This past weekend I was lucky enough to help judge the Texas Pete Twin City RibFest in Winston-Salem. Although ribs don’t hold a place of any real importance in North Carolina barbecue culture (sorry Rib Rabbi, but it’s true), I still didn’t hesitate to sign up when offered a coveted judge’s seat. And the fact that 60 MPH winds and heavy downpours were forecast didn’t dampen my enthusiasm. (Luckily, only the rains materialized while I was at the event.) I was ready to make my first appearance as a bona fide, albeit not certified, barbecue judge.
I can attest that the six-person judges panel took its job as seriously as one would expect (i.e., at least somewhat seriously). We were focused on the task at hand, especially since Ms. Texas Pete 2010 no-showed for her judges gig, leaving us menfolk with nothing to ogle besides the ribs on the table in front of us.
Festival organizer Allen McDavid spent upwards of three minutes preparing us for our roles as judges. He paced back and forth in front of the judge’s table and explained… The ribs would be served one at a time on a numbered plate to protect their identity (lest any of the judges be on the take and working for a contestant). Each rib was to be judged on four categories–taste, texture, tenderness and appearance. Each category should be rated between 2 and 9, with 2 being the worst score we could dole out and 9 being the best. (Apparently barbecue judges cannot count to 10.) A score of 1 would be assigned only if a contestant broke a rule related to the category, such as garnishing with something other than lettuce or parsley. After tasting the first rib, we should write down our scores, take a drink of water to cleanse the palate, and wipe our hands if we so desired. And then we were to taste, rinse, wipe and repeat until each contestant’s ribs were sampled.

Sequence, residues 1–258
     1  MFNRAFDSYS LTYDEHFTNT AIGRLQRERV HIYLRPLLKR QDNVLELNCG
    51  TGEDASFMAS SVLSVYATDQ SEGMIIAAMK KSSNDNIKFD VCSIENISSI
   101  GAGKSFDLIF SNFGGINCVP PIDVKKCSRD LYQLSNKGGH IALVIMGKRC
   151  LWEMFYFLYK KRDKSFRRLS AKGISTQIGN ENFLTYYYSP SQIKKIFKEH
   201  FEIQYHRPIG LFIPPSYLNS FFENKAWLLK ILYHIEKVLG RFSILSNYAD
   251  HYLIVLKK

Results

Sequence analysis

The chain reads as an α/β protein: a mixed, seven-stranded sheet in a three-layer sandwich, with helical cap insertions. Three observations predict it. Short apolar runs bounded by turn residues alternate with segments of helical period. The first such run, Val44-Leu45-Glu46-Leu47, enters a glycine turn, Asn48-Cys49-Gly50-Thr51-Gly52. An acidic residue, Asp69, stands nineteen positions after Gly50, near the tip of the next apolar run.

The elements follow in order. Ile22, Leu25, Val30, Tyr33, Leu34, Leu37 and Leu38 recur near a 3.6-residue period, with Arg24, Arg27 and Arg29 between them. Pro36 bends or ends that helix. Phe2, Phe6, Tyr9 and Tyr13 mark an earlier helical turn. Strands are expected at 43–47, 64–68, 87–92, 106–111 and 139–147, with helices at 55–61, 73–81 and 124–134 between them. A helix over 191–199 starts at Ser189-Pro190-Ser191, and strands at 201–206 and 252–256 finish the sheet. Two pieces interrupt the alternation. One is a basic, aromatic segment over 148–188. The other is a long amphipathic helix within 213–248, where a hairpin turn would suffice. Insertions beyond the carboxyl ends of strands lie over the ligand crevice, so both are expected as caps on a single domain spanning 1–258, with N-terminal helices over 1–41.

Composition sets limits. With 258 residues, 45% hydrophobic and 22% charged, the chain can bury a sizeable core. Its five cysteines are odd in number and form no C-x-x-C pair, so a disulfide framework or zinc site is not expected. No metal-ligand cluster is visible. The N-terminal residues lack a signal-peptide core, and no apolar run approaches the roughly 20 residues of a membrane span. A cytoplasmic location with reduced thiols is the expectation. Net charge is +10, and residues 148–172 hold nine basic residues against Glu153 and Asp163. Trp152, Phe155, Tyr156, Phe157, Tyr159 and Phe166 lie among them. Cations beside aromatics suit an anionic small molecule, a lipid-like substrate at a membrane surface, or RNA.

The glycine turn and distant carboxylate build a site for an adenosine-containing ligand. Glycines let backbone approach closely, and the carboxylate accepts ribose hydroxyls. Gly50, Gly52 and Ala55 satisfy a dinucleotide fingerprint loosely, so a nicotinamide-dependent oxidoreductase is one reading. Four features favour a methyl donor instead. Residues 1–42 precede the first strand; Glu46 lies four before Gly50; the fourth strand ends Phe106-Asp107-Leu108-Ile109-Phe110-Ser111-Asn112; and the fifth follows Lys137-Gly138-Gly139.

Nothing too it, right? Anyone could be a barbecue judge. Piece of cake. Or so I thought until the tasting began. After tasting ribs from each of the eight cooking teams I reassesed my opinion. I began to question everything I first thought. Was it really such an easy gig to taste ribs? Was there more too judging than meets the eye? In short, was it true that just anyone could be a barbecue judge? Upon further reflection, I concluded that, yes, in fact anyone could do what I had just done. But in all seriousness, it’s not as easy as it looks to judge food and I have no doubt that more skilled judges would have picked up on some subtleties that I missed.
The ribs I tasted ranged from mediocre to pretty darn excellent, with most entries falling in between. There were two standouts in my mind and I only wish I knew how the ones I picked as my favorites ranked with the other judges. Based on the number of judges who held onto my favorite ribs to finish eating after the competition, I’d say I was not alone in my opinion. Interestingly, only one contestant served a dry rib, while the other seven were slathered with sauce.
Next we moved into the sauce contest. Judging ribs is a bit more difficult than I expected, in terms of comparing different flavors, textures and looks objectively as possible, but it was doable. Judging sauces by themselves was much more tricky. I’m not used to eating plain BBQ sauce out of a cup with a spoon. It’s just not something I do most Saturday afternoons. Plus, as a North Carolina boy who gets his kicks from thin vinegar sauce, sampling a bunch of thick sauces was a shock to the system. There was a quite a range in flavors, from an almost teriyaki-like sauce with strong fish oil undertones to a fairly NC-style ketchup/vinegar concoction to some spicy hot Kansas City-style recipes. Although I enjoyed most of the sauces, I’d recommend they be served on meat instead of eaten from the bottle.
So, who won? See this article for the winner’s list. Did your’s truly’s picks win the big prizes? Frankly, I have no idea. But I sure did enjoy myself.